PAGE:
Take the time to follow up and ask creative questions. The sort of questions that will prompt people to give you candid information. Avoid asking, “How did I do?” or “Can I ask you for some feedback?”

The goal is to be more specific and ask for more nuanced reflections:

“What part of my talk is sticking with you still?” and “Did I have a habit of speech or gesture that got in the way of your listening?” will likely offer a speaker better information than, “How did I do?”

Here are some questions that can get you started on your own Creative Question list:

  • If you could erase one of my habits, what would it be?
  • What have I said or done in the last few [days/weeks/months] that helped you most?
  • What have I said or done in the last few [days/weeks/months] that got in your way?
  • This week, what opportunity did I miss to connect with someone? What do you think it cost me?
  • If I were to choose one thing to work on improving when I am with people, what would it be?
  • Who would you cast to play me in the movie about our lives?

You get the picture! Have some fun with this. Ask creative questions with curiosity and see what you learn. In the process of asking these questions, and then listening to how people respond, you will learn about both yourself and others.

Our success and our satisfaction grow when we close the gap between our intentions and our impact.

Why? Because when our intentions and our impact are aligned, we are, quite simply, getting the response we intend. It is a lot easier to leave a room when you are aware of the actual impact you had while you were there.  

BY SAYING YES, I AM SAYING NO

You may be thinking, “Oh no! This sounds complex.”  However, this is not going to be a deep philosophical debate.  I learned this exercise while I was attending my coaching program at Georgetown University.  Take out a piece of paper.  In the left column, write By Saying Yes To…  In the right column, write I am Saying No to…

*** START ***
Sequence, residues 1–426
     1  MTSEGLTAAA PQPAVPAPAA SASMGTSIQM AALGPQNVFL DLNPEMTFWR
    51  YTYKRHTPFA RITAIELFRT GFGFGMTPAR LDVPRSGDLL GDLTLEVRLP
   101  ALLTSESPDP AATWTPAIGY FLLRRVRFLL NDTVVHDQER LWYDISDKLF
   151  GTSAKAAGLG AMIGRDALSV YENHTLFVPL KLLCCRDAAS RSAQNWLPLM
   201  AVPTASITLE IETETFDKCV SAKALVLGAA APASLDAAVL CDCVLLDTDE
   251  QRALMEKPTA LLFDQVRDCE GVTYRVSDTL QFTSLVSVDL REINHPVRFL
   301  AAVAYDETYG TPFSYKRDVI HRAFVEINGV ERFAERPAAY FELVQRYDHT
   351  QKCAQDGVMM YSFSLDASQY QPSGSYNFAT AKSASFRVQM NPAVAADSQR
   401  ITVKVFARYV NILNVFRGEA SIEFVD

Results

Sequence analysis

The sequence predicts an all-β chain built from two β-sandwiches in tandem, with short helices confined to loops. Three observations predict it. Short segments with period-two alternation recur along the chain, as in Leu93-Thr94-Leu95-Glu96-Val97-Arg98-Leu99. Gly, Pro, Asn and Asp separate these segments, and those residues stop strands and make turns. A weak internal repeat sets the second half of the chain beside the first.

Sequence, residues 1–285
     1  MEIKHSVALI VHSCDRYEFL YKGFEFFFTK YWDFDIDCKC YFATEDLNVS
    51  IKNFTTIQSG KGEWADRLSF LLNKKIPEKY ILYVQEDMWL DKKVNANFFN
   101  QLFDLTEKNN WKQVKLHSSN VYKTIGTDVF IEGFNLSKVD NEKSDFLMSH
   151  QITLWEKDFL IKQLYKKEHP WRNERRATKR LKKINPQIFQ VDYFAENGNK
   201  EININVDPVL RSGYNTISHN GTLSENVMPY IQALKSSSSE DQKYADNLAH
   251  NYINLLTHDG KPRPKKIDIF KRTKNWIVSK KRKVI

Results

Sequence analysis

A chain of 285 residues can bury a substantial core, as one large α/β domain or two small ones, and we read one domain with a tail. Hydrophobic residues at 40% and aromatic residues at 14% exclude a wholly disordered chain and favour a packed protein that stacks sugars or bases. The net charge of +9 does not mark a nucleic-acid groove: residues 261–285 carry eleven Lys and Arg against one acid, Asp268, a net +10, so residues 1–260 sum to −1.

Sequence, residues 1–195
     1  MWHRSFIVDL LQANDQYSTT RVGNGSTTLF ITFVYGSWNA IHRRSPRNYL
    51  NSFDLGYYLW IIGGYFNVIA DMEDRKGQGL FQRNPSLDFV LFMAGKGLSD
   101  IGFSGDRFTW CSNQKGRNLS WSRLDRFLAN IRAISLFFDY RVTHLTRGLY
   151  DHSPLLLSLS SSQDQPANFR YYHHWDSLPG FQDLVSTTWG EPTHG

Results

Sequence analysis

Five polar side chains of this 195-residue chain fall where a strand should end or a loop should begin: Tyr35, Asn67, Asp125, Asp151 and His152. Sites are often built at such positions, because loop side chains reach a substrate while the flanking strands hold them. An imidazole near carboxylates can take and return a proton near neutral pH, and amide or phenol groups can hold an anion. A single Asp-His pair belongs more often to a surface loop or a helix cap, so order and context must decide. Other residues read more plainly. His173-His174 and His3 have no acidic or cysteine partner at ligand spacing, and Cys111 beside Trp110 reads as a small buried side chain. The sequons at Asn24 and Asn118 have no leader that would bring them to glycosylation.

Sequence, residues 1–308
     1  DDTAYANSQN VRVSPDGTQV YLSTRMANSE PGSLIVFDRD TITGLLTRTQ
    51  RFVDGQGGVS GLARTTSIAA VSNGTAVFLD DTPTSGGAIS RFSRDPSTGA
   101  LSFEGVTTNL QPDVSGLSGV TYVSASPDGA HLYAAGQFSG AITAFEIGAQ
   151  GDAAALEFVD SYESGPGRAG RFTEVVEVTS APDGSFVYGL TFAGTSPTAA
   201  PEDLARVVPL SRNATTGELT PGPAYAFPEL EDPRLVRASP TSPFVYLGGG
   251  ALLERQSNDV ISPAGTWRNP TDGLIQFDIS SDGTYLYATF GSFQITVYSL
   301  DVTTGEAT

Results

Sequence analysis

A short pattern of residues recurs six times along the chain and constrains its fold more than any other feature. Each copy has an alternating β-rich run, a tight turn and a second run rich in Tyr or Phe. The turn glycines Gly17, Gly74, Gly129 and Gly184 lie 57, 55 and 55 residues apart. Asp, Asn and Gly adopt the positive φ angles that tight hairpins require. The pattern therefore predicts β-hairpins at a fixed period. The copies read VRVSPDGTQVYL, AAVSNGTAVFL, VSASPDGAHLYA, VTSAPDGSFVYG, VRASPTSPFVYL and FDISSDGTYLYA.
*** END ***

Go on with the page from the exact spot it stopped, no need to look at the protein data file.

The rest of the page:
Here are some samples from me and from one of my clients:

 

By Saying Yes to….                                     I am Saying No to…

Coaching Philip’s Basketball Team                 Free time on Tue, Thur, and Sat

                                                                    Dinners with the rest of family

                                                                    Missing an opportunity to connect with Philip

                                                                                                   

Leaving X Company                                       Stability

                                                                     Friends

                                                                     Short commute

                                                                     Dead end job at X company

                                                                      My frustrating boss

 

I love to do this activity with people I coach as it helps them go beyond just the pros and cons list.  We rarely consider the opportunity costs of our Yeses.  Instead, we just tend to say, “Yes” and then one of several things occurs: we break commitments, we miss deadlines, we become overwhelmed, we resent that we said yes to the person, etc.  I think this exercise helps leaders start to clarify what they really want to be working on and what are their top priorities.

I was coaching a CEO recently who was overwhelmed and who could not remember when she last had fun.  When I asked her to do this exercise, I began to see that she kept stacking more and more on her plate.  This helped her understand that she needed to be more intentional in what she said yes to and what the consequences of her Yeses were.

This exercise helps people become more mindful.  Mindfulness is a buzz work right now and so let me provide a definition for you:

Mindfulness = Awareness + Intention

Scott Eblin shared this formula in his outstanding book, Overworked and Overwhelmed: The Mindfulness Alternative.  Thus, we first have to become aware of our challenges and then take intentional actions.

 I am curious about:

·       What intentions do you have?

·       How do you honor them?

Scott gives lots of ideas and I highly recommend the book. If you want to learn about how to use this content in your workplace or life, please reach out to me.  

Thanks and create a great day!